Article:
"Truth is, for me as a player, I probably would have let him hit."
The voice was Torii Hunter's and it was far less juiced than usual as he walked through the nightmare moments that spelled the end for this year's Angels team.
Remember Game 4 in Boston, the score tied after Hunter's bat had sparked a late rally, speedy Reggie Willits on third and just one out? The Angels score a run and back it with half-inning of good pitching, the series heads back to Orange County for the decider.
Yes, you remember. Instead of allowing Erick Aybar to swing away, as Hunter had hoped, Mike Scioscia called for a suicide squeeze play. Aybar failed to lay down a bunt, Willits got tagged out, all available energy was sucked from Hunter's team, and the Red Sox quickly won the game and the series with a run of their own. In short, this was the mother of all backfires.
"I don't even think they were trying to pitch to [Aybar]," Hunter said, so plaintively I imagined him staring hard at the floor and shaking his head in disbelief. "It was just five terrible minutes . . . the worst five minutes of my life."
Five minutes that sent Hunter into a tailspin from which he says he is just now emerging. I'd called to get his thoughts on that series, on the Angels' future, on what it's like to watch the playoffs and the World Series unfold after having been a linchpin on a team that won more games than any other during the regular season (100), only to get tossed from the big dance straight away.
"I am depressed, I'm ticked, I'm upset, my stomach hurts, yeah, all of that," Hunter noted, without much prompting.
He said he has watched the remaining playoff and World Series games from a suede sofa in his Dallas-area home. (For the record, he's rooting for Tampa Bay but will not be too distressed if Philly wins because Jimmy Rollins is a friend.) Often, he's found himself screaming at the TV in pure frustration. "It plays out in the back of your head all the time: 'Why am I not in the World Series? Why?' The season we had, we should have been there. But the way we played in the first round, we didn't deserve it."
I burrowed in on the question still haunting Angels fans: Scioscia's decision to squeeze. There are many who agree that Aybar should have been allowed to hit. But bunting in tight moments, isn't that the way your team played all year, dink-and-dunk, drip-and-drop, popgun hits and speed?
"No, no," came a quick reply. "People say that, but that's not how we played all year. You rarely squeeze. But in the regular season when you do squeeze you can do it because you've always got tomorrow. . . . If you lose you have tomorrow to make up for it. In the playoffs it is different. Totally different."
(Note: Hunter made sure to add that he wasn't saying this to harpoon Aybar or Scioscia, "In the end, that is just my opinion. I'm not mad at anybody on my team. We have to do what Mike says and if my manager says to squeeze I have to go by what he says. We have to execute. It just didn't work out.")
We continued. The normally effervescent outfielder searched for answers. He strongly disagreed with my notion that the Angels peaked too early, clinched a playoff spot too soon and got soft.
"The regular season has nothing to do with the postseason," he said. "They are two different entities. The playoffs come and the other team looks at the big hitters and they say, 'No way, I am not going to let this guy do things he did to us all year.' No good pitches come your way, guys start to chase out of the zone and try to be a hero. I think that happened to us a little bit."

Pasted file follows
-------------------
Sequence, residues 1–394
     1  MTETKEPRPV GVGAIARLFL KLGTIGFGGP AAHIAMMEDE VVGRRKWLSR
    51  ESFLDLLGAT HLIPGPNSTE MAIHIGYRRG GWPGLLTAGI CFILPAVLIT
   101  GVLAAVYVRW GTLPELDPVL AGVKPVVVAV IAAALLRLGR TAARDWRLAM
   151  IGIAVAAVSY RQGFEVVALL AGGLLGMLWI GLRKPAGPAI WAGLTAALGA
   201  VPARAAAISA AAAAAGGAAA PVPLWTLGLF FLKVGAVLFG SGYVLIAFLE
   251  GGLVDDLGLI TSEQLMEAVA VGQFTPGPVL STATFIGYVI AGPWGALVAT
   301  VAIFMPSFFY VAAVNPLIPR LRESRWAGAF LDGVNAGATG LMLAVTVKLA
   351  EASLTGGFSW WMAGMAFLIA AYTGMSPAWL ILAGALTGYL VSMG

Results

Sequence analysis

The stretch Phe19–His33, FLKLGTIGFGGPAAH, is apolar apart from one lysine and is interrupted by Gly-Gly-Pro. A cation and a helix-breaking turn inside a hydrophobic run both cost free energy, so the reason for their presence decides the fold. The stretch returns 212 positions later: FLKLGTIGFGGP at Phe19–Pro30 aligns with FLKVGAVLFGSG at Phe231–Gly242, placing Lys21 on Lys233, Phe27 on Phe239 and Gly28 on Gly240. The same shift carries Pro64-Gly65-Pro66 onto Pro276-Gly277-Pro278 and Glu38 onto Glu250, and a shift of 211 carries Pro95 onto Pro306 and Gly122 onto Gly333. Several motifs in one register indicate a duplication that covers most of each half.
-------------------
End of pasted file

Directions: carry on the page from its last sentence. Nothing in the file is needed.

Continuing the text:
True enough. You watched them at bat during those four games and, save for a few moments, you wondered if those were impostors out there in Angels red, a team of uptight, stiff-knuckled duffers.
At least Hunter cannot be faulted for failing to come through.
He didn't hit for power -- a demerit because he was brought on board, in part, to bring it -- but he hit well: a .389 average and five RBIs. (Moreover, Hunter was clutch, for example the two-out, two-run, eighth-inning hit that tied Game 4, leaving him at first base beating his chest, certain his team was about to bring the series back home.)
"What happened after that hit, the way things worked out, well, I just wish we could do it over, just wish. But it's over, you know? And, uh, now I guess we have to turn the page."
The 33-year-old Hunter thinks the Angels can be better next year. He wants to see them bring back slugger Mark Teixeira. If Teixeira isn't back, Hunter hopes they'll make a serious run at pitching ace CC Sabathia.
Though he quickly became a clubhouse leader in his first year as an Angel, Hunter says he actually tempered his approach because he was a newbie. Next season, he vowed there will be change.
"I am going to start right in spring training making sure the guys know that this year we are going to kick some [posterior]. . . . We are going to put it in everyone's heads that in the playoffs next year it is going to be different. Don't start worrying about the pressures of everyone saying we can't win the big ones or the Red Sox dominating you. Right away, I am going to try to [instill] that."
Hopefully, Hunter's extra punch of leadership will do some good.
We'll know it if the playoffs come, a five-minute window opens, and the Angels walk through before the window slams.
We'll know it if we're watching Hunter during next year's World Series instead of hearing about him watching others, home on his sofa, a knot of frustration in his gut.